mail:postfix:spam_log_level mail:postfix:address_verify_map mail:postfix:lmtp_tls_key_file mail:postfix:smtpd_enforce_tls mail:postfix:smtpd_sasl_auth_enable mail:postfix:connection_cache_ status_update_time mail:postfix:always_bcc_enabled mail:postfix:smtpd_starttls_timeout

100

Appendix ACommand-Line Parameters for the serveradmin Tool and Default Mail Service Settings

Parameter
mail:postfix:berkeley_db_create_ buffer_size mail:postfix:forward_expansion_ filter mail:postfix:smtpd_client_port_ logging mail:postfix:myorigin mail:postfix:smtp_tls_per_site mail:postfix:default_recipient_ refill_delay mail:postfix:virus_notify_ recipients mail:postfix:lmtp_pix_workaround_ delay_time mail:postfix:lmtp_sasl_type mail:postfix:deliver_lock_delay mail:postfix:virtual_alias_maps mail:postfix:lmtp_tls_loglevel mail:postfix:local_destination_ concurrency_failed_cohort_limit mail:postfix:group_expansion:start_ interval mail:postfix:group_ expansion:enable_group_expansion mail:postfix:lmtp_send_xforward_ command mail:postfix:smtp_tls_secure_cert_ match mail:postfix:undisclosed_ recipients_header mail:postfix:inet_interfaces mail:postfix:dont_remove mail:postfix:sender_canonical_maps

Default Value
16777216 "1234567890!@%-_=+:,./abcdefghijklm nopqrstuvwxyzABCDEFGHIJKLMNOPQRSTUV WXYZ" "no" "$myhostname" "" "5s" no "10s" "cyrus" "1s" "" "0" "$default_destination_concurrency_ failed_cohort_limit" 10 yes "no" "nexthop, dot-nexthop" "To: undisclosed-recipients:;" "all" 0 ""

Appendix ACommand-Line Parameters for the serveradmin Tool and Default Mail Service Settings 101

Parameter
mail:postfix:spam_notify_admin_ email mail:postfix:smtpd_policy_service_ max_idle mail:postfix:smtpd_authorized_verp_ clients mail:postfix:smtpd_null_access_ lookup_key mail:postfix:bounce_size_limit mail:postfix:tls_random_exchange_ name mail:postfix:milter_connect_macros mail:postfix:smtp_sasl_tls_ verified_security_options mail:postfix:virtual_initial_ destination_concurrency mail:postfix:smtp_sasl_mechanism_ filter mail:postfix:mailq_path mail:postfix:lmtp_sasl_password_ maps mail:postfix:alias_database mail:postfix:smtp_sasl_auth_soft_ bounce mail:postfix:enable_var_mail mail:postfix:fallback_transport_ maps mail:postfix:reject_code mail:postfix:cleanup_service_name mail:postfix:log_level mail:postfix:lmtp_tls_session_ cache_database mail:postfix:unverified_recipient_ reject_code mail:postfix:lmtp_lhlo_name

Default Value
"junk-admin@example.com" "300s" "$authorized_verp_clients" "<>" 50000 "${data_directory}/prng_exch" "j {daemon_name} v" "$smtp_sasl_tls_security_options" "$initial_destination_concurrency" "" "/usr/bin/mailq" no "hash:/etc/aliases" "yes" no "" 554 "cleanup" "crit" "" "450" "$myhostname"

102

Appendix ACommand-Line Parameters for the serveradmin Tool and Default Mail Service Settings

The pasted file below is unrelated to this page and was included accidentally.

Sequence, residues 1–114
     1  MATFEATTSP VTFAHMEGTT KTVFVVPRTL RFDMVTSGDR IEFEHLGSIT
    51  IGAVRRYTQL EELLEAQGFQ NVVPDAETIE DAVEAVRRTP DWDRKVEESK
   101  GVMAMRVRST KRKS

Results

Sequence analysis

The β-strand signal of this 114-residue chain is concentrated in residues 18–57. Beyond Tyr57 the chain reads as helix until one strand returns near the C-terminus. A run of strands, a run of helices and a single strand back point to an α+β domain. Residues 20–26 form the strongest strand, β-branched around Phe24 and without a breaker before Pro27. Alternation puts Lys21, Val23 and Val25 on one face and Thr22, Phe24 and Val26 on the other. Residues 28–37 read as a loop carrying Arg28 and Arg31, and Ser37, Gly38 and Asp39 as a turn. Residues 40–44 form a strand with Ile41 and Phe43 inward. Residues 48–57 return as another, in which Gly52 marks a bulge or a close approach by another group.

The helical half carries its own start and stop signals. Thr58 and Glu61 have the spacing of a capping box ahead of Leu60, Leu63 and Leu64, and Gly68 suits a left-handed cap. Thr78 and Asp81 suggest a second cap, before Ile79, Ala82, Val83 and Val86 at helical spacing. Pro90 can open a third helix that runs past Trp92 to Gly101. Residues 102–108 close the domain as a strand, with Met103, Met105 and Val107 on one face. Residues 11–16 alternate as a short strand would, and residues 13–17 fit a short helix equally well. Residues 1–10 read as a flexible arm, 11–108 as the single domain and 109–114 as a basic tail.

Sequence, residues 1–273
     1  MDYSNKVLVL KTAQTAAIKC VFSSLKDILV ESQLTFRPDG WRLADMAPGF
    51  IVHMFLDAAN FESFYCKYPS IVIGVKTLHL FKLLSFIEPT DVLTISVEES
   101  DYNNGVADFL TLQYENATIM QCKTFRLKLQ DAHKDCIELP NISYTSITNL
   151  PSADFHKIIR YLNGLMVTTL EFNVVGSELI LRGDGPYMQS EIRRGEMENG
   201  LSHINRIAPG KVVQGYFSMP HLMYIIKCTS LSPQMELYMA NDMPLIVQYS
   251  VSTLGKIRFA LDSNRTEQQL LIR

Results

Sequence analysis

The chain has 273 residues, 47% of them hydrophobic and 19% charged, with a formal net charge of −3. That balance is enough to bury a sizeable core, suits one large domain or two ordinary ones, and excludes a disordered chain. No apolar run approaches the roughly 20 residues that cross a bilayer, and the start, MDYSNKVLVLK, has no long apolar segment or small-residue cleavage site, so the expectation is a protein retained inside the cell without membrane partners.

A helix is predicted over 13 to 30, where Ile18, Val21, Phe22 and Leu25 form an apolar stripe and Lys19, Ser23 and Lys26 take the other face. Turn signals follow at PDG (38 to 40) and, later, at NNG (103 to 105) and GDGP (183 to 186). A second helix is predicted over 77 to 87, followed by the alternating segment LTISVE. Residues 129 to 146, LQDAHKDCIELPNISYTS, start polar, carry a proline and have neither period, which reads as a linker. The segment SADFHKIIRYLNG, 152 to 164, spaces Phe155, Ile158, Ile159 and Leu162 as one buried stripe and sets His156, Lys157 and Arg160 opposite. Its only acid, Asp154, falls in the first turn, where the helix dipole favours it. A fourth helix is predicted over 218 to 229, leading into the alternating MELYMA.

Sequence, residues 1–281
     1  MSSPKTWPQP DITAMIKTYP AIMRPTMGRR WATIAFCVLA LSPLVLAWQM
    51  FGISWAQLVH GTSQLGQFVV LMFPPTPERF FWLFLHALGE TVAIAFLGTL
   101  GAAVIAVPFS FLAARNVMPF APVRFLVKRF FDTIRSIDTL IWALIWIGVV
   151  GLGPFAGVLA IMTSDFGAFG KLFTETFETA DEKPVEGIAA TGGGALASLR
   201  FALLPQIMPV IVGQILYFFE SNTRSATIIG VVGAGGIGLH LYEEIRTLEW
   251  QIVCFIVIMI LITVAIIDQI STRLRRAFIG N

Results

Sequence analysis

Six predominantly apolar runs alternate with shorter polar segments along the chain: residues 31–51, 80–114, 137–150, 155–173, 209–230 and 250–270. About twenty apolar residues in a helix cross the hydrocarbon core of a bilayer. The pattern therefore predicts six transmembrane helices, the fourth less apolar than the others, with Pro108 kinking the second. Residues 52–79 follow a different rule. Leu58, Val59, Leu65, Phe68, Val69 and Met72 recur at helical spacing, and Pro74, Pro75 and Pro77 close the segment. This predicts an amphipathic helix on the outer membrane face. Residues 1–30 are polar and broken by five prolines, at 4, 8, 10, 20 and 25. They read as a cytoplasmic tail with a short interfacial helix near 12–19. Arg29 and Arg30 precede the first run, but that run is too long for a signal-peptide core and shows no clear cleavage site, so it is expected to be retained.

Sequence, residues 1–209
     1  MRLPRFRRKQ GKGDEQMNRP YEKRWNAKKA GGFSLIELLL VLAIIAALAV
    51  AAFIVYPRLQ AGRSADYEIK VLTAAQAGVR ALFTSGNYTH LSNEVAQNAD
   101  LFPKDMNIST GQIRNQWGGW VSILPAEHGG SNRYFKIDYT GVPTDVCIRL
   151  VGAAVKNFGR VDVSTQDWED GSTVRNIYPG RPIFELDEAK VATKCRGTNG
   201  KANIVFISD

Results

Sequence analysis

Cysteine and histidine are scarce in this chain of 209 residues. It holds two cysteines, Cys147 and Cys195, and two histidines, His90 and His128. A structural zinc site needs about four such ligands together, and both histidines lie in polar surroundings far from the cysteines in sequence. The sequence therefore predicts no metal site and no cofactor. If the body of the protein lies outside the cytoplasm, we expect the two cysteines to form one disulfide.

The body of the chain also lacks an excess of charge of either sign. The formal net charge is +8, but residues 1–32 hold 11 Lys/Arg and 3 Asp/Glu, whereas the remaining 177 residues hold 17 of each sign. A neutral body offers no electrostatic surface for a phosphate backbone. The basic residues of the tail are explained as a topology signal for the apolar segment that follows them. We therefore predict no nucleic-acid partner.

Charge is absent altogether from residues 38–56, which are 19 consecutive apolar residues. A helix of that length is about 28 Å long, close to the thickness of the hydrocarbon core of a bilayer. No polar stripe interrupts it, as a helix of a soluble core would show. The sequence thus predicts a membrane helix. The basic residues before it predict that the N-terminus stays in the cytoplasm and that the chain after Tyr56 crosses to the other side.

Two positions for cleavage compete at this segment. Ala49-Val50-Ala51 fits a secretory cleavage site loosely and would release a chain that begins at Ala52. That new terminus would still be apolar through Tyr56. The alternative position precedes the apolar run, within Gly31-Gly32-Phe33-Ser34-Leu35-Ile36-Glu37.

Parameter
mail:postfix:qmgr_message_ recipient_minimum mail:postfix:relayhost mail:postfix:smtpd_banner mail:postfix:virtual_alias_domains mail:postfix:mail_release_date mail:postfix:lmtp_mail_timeout mail:postfix:tls_server_options mail:postfix:lmtp_pix_workaround_ threshold_time mail:postfix:mydomain mail:postfix:tls_high_cipherlist mail:postfix:transport_maps mail:postfix:message_size_limit_ enabled mail:postfix:always_bcc mail:postfix:smtp_bind_address6 mail:postfix:resolve_numeric_domain mail:postfix:default_recipient_ refill_limit mail:postfix:virus_notify_admin mail:postfix:tls_daemon_random_ bytes mail:postfix:smtp_rset_timeout mail:postfix:log_rolling_days_ enabled mail:postfix:smtpd_discard_ehlo_ keywords mail:postfix:home_mailbox mail:postfix:smtp_sasl_type mail:postfix:cyrus_sasl_config_path mail:postfix:qmqpd_timeout

Default Value
10 "" "$myhostname ESMTP $mail_name" "$virtual_alias_maps" "20080902" "300s" "use" "500s" "example.com" "ALL:!EXPORT:!LOW:!MEDIUM:+RC4:@ STRENGTH" "" yes "" "" "no" "100" yes "32" "20s" yes "" no "cyrus" "" "300s"

Appendix ACommand-Line Parameters for the serveradmin Tool and Default Mail Service Settings 103

Parameter
mail:postfix:virus_action mail:postfix:anvil_rate_time_unit mail:postfix:smtpd_tls_key_file

Default Value
"delete" "60s" "/etc/certificates/example.com.057 1FAFAA0BFDC76BADA66D200C44FD4FBEBC D87.key.pem" "no" "" "" "ALL:!EXPORT:+RC4:@STRENGTH" no "$mydestination" 554 "yes" "" yes "3600s" "500s" "virus-quarantine@example.com" "" "" "" no "postmaster" "$lmtp_tls_dcert_file"

mail:postfix:smtpd_sasl_ authenticated_header mail:postfix:virtual_mailbox_base mail:postfix:virtual_uid_maps mail:postfix:tls_low_cipherlist mail:postfix:reject_unauth_ piplining_enabled mail:postfix:relay_domains mail:postfix:relay_domains_reject_ code mail:postfix:address_verify_ negative_cache mail:postfix:lmtp_nested_header_ checks mail:postfix:show_user_unknown_ table_name mail:postfix:tls_random_prng_ update_period mail:postfix:smtp_pix_workaround_ threshold_time mail:postfix:virus_quarantine mail:postfix:relay_clientcerts mail:postfix:smtp_tls_dcert_file mail:postfix:smtpd_authorized_ xforward_hosts mail:postfix:sun_mailtool_ compatibility mail:postfix:delay_notice_recipient mail:postfix:lmtp_tls_dkey_file